After losing its first game in 23 tries against Michigan State last Saturday, No. 8 Ohio State (10-1, 6-1) has to recover quickly before a meeting with No. 10 Michigan (9-2, 6-1). Here are five things The Lantern’s sports editors Ryan Cooper and Kevin Stankiewicz will be keeping an eye on starting at noon on Saturday in Ann Arbor, Michigan.
Zeke backing up his words
After the loss to Michigan State, it was well-publicized that junior running back Ezekiel Elliott went on a rant in which he criticized the play calling and announced he would be leaving Columbus after the season.
In that emotional press conference, however, the St. Louis native also made a declaration that the sting from the loss would have the Buckeyes show an intensity not seen before to make sure it doesn’t happen again.
“We’re hungry. I’m personally not going to let anyone slack off,” Elliott said after the game. “This game means the world to us and everyone in Ohio, and we represent everyone in Ohio. We’re going to come out, and we’re going to play a hell of a ballgame, you’ll see. It’s going to look like a new team.”
It is certainly reasonable to expect Elliott to receive more than the 12 carries he did against the Spartans, but what he does with his workload will be an intriguing storyline to watch on Saturday.
Elliott’s Heisman Trophy aspirations took a major hit with the loss and only 32 yards in Ohio Stadium, but he still has a chance to make a major statement in The Game, especially given the microscope he will be put over by OSU and national observers alike.
Elliott needs 170 yards to pass Eddie George for the second-most rushing yards in OSU history. While that is certainly the furthest thing from his mind heading into Saturday, if he backs up his words, he could very well get there and help keep OSU’s slim playoff hopes alive.
Will there be a rivalry moment?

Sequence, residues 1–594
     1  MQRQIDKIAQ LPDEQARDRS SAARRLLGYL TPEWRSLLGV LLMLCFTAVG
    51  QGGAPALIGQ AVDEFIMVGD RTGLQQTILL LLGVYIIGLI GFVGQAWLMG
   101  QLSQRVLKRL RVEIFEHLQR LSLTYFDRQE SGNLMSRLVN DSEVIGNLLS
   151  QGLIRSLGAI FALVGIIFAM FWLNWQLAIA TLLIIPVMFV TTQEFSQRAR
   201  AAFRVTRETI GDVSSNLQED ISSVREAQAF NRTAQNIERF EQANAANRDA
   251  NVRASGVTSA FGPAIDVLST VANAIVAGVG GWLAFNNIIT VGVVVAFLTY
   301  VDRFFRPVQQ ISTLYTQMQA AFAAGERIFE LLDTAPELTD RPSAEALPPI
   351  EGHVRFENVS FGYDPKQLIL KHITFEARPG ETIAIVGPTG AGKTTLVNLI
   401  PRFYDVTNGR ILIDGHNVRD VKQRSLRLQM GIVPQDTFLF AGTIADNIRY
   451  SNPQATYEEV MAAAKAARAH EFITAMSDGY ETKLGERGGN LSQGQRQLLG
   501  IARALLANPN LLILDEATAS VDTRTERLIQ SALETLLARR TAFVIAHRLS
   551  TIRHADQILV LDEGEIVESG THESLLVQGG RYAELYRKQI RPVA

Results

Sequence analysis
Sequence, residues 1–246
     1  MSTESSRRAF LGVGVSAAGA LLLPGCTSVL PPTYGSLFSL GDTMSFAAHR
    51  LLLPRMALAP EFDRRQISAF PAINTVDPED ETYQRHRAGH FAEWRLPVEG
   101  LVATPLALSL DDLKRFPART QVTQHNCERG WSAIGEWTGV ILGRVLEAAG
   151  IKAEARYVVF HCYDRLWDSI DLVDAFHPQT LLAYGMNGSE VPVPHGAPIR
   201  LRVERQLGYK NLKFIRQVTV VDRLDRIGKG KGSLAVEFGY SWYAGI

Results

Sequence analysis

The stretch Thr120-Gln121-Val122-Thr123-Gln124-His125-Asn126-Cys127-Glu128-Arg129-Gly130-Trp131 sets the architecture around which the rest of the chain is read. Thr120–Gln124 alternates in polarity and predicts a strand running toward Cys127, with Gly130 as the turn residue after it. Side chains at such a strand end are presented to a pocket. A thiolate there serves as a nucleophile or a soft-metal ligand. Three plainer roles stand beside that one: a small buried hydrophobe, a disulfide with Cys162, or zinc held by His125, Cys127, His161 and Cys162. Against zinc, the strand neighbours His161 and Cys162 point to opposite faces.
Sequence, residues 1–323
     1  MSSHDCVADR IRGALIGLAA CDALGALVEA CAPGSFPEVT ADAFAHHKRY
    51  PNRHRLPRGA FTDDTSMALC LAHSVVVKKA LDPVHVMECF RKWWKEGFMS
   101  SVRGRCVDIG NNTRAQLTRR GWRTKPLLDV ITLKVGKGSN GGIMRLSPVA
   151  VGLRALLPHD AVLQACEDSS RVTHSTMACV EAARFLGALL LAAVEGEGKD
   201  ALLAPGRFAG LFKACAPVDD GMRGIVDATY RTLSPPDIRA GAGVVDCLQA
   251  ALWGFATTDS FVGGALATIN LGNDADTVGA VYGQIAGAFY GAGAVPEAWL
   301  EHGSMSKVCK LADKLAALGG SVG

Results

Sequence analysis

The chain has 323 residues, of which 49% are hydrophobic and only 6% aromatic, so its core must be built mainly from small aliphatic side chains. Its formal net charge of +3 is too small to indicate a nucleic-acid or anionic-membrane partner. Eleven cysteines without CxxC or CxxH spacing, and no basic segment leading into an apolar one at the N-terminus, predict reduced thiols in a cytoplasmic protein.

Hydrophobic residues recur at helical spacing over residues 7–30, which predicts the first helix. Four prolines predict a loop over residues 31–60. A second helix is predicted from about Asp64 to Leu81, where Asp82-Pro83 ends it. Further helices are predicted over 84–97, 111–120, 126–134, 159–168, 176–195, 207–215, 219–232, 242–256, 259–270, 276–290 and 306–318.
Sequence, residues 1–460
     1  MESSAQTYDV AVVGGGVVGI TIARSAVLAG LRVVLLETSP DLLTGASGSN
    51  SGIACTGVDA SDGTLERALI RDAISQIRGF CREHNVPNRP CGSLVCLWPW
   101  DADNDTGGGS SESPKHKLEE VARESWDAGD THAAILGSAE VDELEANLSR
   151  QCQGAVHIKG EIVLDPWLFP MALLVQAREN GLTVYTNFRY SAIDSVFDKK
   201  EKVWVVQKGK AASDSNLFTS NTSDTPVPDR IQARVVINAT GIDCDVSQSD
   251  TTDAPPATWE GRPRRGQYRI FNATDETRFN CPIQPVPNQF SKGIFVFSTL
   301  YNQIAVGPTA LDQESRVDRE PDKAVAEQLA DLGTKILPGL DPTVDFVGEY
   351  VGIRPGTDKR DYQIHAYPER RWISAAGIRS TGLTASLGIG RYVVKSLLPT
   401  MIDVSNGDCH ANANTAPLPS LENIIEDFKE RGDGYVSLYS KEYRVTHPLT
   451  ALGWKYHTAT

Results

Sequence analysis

As anyone knows, the rivalry between OSU and Michigan is one of the most heated in college football, if not all of sports.
With that rivalry territory comes a fair share of moments that capture just how much the teams dislike each other beyond being two of the most storied programs.
Taunting, trash-talking, shoving and all-out fighting is always on the table when the two teams meet.
The last time the game was played in Michigan Stadium in 2013, it turned out to be a fight that highlighted the afternoon. In the second quarter, OSU then-freshman running back Dontre Wilson got into a skirmish with a group of Michigan players after a kick return, which turned into a brawl. Wilson was ejected for his role in the incident, as was former OSU offensive lineman Marcus Hall and Michigan then-sophomore linebacker Royce Jenkins-Stone.
Hall made a memorable exit with a double-handed gesture toward the fans at The Big House.
OSU senior linebacker Joshua Perry said he and other veterans on the team have taken measures to make sure the young players don’t let the emotions of the game overwhelm them, but it still would not be an OSU-Michigan game without some memorable moments to accentuate just how little the teams care for each other.
Salt in the wound
As Perry said earlier in the week, the team knows Michigan coach Jim Harbaugh is going to use redshirt freshman safety Jabrill Peppers one way or another across the field.
The question is just how much the Wolverines lean on the do-it-all star.